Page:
The Church’s failure to respond in a Christian way to the modern introduction of cremation is symbolised by the unfortunate mistake which happened in 1874 when one of the very first cremations took place in Germany. The body was lying ready by the brand new Siemens cremator, the mourners were assembled, Herr Siemens himself had his finger on the button to start the fire. All were ready to begin, but the clergyman designated to take the service failed to turn up. Siemens was forced to ask those assembled to bow their heads and say a private prayer.5 One might say, the Church got cremation wrong then, and has continued to do so ever since.

The false choice (burial or cremation) is the result of the Church’s failure to think theologically about cremation, or its production of ‘bad’ or inadequate theology. If there is a burial, the whole body enters the earth, there is no remainder, and the traditional Christian pastoral act has been carried out. Our honouring of the dead, our handing down of a two-thousand-year tradition of Christian burial and, difficult as it is, retention of the imagery of resurrection, is diminished if we do not treat the ashes in a distinctive Christian way. The fact that for two thousand years burial and not cremation was the accepted Christian way only emphasizes how powerful were the social forces which in the United Kingdom, and other parts of the traditionally Christian world, have virtually swept burial away. In four generations, the percentage of people cremated in this country moved from 0% to over 70% today. Even more remarkable still is that this social phenomenon has until recently been a silent revolution, hardly commented on, even less explained.

We owe to Peter Jupp a clear understanding of the combined influences that brought about this change. There is only space to headline what these were before looking at the theological issues. Jupp points to the slow but steady lobbying and influence of the Cremation Society; the invention of internal cremators in which bodies could be placed; the sense of pressure for land usage after the First and Second World Wars; the low cost of cremation compared with burial; the support of the medical profession, who favoured a clean and hygienic method of disposal; the support of funeral directors, who could organise more funerals in a day; the funeral, which could be conducted without fuss; the nonreligious need not to use a church; and finally, the lack of opposition from the churches (apart from the Roman Catholic Church).6 The Catholic Church only withdrew its prohibition against cremation in 1963.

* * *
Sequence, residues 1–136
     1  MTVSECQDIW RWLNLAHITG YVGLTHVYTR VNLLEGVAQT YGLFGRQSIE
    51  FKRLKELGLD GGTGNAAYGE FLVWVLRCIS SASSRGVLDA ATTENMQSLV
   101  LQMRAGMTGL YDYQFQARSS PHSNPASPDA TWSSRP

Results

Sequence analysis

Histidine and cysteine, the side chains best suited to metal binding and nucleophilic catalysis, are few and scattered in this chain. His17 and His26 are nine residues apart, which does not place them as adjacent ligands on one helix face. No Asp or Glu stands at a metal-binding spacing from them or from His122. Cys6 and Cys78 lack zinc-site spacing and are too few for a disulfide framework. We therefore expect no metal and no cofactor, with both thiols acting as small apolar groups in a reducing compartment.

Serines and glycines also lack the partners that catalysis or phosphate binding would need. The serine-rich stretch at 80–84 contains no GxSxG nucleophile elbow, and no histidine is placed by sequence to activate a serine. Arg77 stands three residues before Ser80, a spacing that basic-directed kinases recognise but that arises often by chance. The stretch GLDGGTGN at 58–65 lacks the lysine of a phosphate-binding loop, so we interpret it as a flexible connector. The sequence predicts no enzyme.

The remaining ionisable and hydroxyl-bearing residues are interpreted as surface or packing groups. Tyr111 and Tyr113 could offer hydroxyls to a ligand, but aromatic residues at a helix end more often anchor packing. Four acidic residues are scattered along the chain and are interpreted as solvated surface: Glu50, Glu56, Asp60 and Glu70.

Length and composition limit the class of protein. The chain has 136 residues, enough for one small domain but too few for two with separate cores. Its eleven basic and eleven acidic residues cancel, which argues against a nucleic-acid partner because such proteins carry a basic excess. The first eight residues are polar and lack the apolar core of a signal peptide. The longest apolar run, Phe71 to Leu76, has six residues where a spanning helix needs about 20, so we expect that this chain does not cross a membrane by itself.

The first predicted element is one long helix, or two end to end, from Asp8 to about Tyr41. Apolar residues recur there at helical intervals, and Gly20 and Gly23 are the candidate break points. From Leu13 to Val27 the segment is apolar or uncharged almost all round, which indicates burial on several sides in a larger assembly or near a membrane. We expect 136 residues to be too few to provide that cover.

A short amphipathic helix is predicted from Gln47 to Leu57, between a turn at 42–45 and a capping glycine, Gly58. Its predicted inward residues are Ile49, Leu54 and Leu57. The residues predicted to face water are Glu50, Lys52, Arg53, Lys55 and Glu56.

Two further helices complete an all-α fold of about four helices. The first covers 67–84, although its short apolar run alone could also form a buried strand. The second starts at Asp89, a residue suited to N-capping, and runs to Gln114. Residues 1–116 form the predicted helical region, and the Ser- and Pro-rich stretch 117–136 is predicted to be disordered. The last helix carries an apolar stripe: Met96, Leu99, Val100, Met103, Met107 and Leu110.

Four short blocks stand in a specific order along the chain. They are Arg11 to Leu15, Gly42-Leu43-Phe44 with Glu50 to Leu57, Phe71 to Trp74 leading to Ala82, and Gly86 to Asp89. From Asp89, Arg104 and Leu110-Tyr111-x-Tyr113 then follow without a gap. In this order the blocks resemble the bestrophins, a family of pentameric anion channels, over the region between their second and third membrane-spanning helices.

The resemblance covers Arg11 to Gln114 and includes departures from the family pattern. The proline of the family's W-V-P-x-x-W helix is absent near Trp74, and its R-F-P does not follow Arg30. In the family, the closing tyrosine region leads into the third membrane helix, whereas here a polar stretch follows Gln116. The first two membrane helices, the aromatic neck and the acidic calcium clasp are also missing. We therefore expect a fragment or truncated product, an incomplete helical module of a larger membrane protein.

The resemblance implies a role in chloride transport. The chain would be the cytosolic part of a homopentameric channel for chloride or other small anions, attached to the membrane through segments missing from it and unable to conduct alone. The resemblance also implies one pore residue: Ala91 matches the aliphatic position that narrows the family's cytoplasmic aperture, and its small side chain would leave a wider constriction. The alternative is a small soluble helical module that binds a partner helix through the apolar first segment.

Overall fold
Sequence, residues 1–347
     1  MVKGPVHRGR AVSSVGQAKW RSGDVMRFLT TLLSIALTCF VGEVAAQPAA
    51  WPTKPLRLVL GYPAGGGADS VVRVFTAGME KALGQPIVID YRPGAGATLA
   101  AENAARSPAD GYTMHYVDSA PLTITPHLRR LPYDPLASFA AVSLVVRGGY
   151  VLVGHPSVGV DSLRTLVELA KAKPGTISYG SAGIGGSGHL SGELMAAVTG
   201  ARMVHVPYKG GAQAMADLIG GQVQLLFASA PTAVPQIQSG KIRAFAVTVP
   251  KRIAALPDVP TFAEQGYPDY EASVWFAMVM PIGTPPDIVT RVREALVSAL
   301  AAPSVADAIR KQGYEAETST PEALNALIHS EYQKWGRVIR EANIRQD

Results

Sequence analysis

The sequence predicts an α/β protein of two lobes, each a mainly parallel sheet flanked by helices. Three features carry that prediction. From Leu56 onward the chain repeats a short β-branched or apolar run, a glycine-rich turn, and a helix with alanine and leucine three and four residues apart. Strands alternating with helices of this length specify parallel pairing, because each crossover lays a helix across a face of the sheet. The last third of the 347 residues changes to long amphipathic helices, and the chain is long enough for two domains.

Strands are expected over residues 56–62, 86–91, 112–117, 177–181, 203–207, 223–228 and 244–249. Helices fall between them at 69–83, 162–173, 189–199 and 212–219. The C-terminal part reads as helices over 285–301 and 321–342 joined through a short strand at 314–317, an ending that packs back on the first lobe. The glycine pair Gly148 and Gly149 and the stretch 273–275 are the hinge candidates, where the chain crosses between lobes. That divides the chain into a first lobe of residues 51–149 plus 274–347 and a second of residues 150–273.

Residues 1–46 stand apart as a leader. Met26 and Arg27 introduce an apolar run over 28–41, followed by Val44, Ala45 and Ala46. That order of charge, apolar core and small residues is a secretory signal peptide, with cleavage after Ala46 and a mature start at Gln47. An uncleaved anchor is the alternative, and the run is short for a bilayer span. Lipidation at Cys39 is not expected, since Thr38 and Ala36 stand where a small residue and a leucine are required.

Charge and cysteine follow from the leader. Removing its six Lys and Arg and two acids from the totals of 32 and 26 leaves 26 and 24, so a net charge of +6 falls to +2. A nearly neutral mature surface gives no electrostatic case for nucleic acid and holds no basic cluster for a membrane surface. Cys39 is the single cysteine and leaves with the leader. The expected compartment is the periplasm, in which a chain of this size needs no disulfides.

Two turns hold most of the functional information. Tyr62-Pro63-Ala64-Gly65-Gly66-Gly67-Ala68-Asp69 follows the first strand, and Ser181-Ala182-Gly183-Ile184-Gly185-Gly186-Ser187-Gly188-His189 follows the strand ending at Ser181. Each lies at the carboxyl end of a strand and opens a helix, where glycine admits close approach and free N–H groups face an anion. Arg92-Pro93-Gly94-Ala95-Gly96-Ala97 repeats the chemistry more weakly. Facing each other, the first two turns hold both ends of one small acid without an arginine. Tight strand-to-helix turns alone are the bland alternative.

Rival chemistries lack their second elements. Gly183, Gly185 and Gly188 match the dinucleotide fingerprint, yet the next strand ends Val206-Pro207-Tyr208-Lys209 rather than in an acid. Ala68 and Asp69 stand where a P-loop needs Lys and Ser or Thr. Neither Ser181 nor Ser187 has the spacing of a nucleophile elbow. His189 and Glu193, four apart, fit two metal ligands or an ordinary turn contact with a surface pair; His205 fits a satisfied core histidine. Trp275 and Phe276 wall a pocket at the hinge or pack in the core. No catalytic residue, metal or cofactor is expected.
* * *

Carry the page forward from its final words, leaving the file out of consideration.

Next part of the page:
Quite remarkably, the Church of England refused to accept that cremation was a theological issue at all. This position came about in the years during World War II when there were a series of debates in the Convocation of Canterbury about cremation. These have been well covered by Jupp in his book From Dust to Ashes, and I draw from his fascinating account of the debates.7 They are important because they raised over a period of years a number of important issues, many of which unfortunately became lost from view in the decisions of later years.

Very importantly, the question was asked, how could the Church demonstrate that cremation was not an alternative to burial? This view was stated against those who said that cremation should be regarded as an acceptable alternative to burial in the ground, just as a burial at sea was a justified alternative. What this view failed to recognise was that the body was disposed of when buried at sea, but that there was a remainder after cremation. This issue was subsumed into the (minority) view that cremation was acceptable only as preparation for burial (and in consecrated ground).

The Church of England finally abdicated all theological responsibility when the bishops stated that ‘we attach no theological significance to the practice [of cremation].’8 In fairness, they were trying to defend a wholly permissible view that cremation in no way affected the Church’s belief in the doctrine of the resurrection of the body, but their ‘hands-off’ approach encouraged a laxness in liturgical practice, a ‘bad’ theological understanding of cremation, and an encouragement for Christians and non-Christians to engage in practices which have had no parallel in two thousand years of Christianity.